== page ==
Do you have more or less experience than other tutors who offer comparable classes? Do you have special skills that are currently in high demand? Have you received any awards for your work or do you have extensive performance experience? Naturally, the more experience you have, the more you can charge for your lessons. Have a good think about what sets you apart and what you can offer to your students.

4. Consider Your Educational Background

College Degree

Image by nyuhuhuu via Flickr

What is your highest degree of education? Someone with a PhD can usually charge a lot more than someone with a BA. Do you have a pedagogical background or did you do some kind of a teacher training? Do you have the necessary qualifications to work with children in your country?

As a rule of thumb, any credentials you can show to your prospective students can help. Some parents might place quite a lot of importance on degrees and prefer to pay more for a well educated and experienced tutor or private teacher.

5. Define Your Target Market

Are you targeting higher income individuals or poorer families?  Why do your students attend your classes? Do they need a certificate at the end of the course? Another important factor is the size of the group – Are you offering individual, small group or large group classes?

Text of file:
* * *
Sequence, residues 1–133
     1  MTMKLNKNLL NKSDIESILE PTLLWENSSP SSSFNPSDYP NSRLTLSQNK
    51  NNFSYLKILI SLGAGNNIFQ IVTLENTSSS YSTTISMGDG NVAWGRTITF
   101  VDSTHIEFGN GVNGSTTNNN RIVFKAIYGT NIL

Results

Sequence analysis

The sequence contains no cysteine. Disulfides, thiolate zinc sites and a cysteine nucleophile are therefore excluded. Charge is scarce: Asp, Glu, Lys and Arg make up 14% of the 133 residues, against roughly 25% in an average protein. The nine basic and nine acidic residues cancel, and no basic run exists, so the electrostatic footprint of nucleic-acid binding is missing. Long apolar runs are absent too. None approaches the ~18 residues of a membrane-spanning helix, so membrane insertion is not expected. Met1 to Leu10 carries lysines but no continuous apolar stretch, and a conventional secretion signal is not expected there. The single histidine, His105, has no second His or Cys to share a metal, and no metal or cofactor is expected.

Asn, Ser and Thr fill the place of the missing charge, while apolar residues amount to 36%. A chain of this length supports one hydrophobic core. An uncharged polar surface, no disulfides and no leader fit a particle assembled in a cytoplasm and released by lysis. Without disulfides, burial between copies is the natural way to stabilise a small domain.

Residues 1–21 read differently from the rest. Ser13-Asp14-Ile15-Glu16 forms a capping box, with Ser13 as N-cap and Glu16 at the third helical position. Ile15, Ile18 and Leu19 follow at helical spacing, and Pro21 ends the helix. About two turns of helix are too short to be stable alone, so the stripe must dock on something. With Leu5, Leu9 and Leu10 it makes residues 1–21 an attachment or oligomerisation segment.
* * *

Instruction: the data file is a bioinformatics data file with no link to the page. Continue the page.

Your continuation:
6. Think About the Nature of Your Subject

Some disciplines require a significant time for preparation while others are not as time-consuming. Do you need to spend a lot of time studying and improving your skills yourself? Are the study materials expensive? Does your subject require a special qualification which is hard to obtain? If you are teaching common subjects such as English or Maths, you normally cannot charge as much for your classes as someone offering specialized IT training.

7. Factor the Distance you Have to Travel

If you offer private lessons at your students’ home, you are likely to spend many hours travelling. Don’t forget to factor this time to your rates as you would otherwise sell yourself short and end up being frustrated with how much you get paid per hour. On the other hand, if you teach at a particular location, this factor is probably irrelevant for you as you have one base for all your classes.

At the end of the day, the amount you can charge for your services depend on the students’ willingness to pay. It’s all about supply and demand and you need to find your sweet spot. Charge everyone exactly the same fee. You don’t want people to find out that someone else is paying less for your classes.

Do you have any other tips on how to determine a lessons fee? I’d love to hear your thoughts, so please share your comments below.

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How to Kick-Start Your Teaching Business: Part 1. Get the Right Skills

VivianaBecoming a tutor, private teacher or a personal trainer can bring you a lot of joy. Making a difference by helping somebody grow and learn is one of the greatest rewards. In our series “How to Kick-Start Your Teaching Business”, we will show you how to take your passion for sharing your knowledge and experience to the next level and establish a successful and rewarding business you’ll be proud of.

Aristotle Quote